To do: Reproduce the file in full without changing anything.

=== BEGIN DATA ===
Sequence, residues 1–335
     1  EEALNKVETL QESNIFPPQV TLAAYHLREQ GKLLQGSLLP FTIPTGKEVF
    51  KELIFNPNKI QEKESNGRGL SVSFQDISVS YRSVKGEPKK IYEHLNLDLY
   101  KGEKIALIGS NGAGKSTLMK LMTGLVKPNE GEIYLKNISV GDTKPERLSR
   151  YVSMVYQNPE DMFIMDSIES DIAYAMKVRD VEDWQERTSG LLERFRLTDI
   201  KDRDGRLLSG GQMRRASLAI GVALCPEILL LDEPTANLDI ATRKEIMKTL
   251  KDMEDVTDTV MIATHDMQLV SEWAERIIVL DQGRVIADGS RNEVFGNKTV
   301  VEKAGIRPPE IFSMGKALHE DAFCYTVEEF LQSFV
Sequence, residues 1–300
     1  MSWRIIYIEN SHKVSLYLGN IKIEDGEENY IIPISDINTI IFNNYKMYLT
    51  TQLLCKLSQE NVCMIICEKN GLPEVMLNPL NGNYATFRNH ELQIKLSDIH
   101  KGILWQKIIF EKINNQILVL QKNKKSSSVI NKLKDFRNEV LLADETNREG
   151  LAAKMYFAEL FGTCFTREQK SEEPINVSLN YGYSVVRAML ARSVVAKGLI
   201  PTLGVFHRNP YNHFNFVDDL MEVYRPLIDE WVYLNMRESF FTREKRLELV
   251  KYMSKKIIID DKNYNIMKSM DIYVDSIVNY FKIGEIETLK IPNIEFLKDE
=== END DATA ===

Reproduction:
Sequence, residues 1–335
     1  EEALNKVETL QESNIFPPQV TLAAYHLREQ GKLLQGSLLP FTIPTGKEVF
    51  KELIFNPNKI QEKESNGRGL SVSFQDISVS YRSVKGEPKK IYEHLNLDLY
   101  KGEKIALIGS NGAGKSTLMK LMTGLVKPNE GEIYLKNISV GDTKPERLSR
   151  YVSMVYQNPE DMFIMDSIES DIAYAMKVRD VEDWQERTSG LLERFRLTDI
   201  KDRDGRLLSG GQMRRASLAI GVALCPEILL LDEPTANLDI ATRKEIMKTL
   251  KDMEDVTDTV MIATHDMQLV SEWAERIIVL DQGRVIADGS RNEVFGNKTV
   301  VEKAGIRPPE IFSMGKALHE DAFCYTVEEF LQSFV
Sequence, residues 1–300
     1  MSWRIIYIEN SHKVSLYLGN IKIEDGEENY IIPISDINTI IFNNYKMYLT
    51  TQLLCKLSQE NVCMIICEKN GLPEVMLNPL NGNYATFRNH ELQIKLSDIH
   101  KGILWQKIIF EKINNQILVL QKNKKSSSVI NKLKDFRNEV LLADETNREG
   151  LAAKMYFAEL FGTCFTREQK SEEPINVSLN YGYSVVRAML ARSVVAKGLI
   201  PTLGVFHRNP YNHFNFVDDL MEVYRPLIDE WVYLNMRESF FTREKRLELV
   251  KYMSKKIIID DKNYNIMKSM DIYVDSIVNY FKIGEIETLK IPNIEFLKDE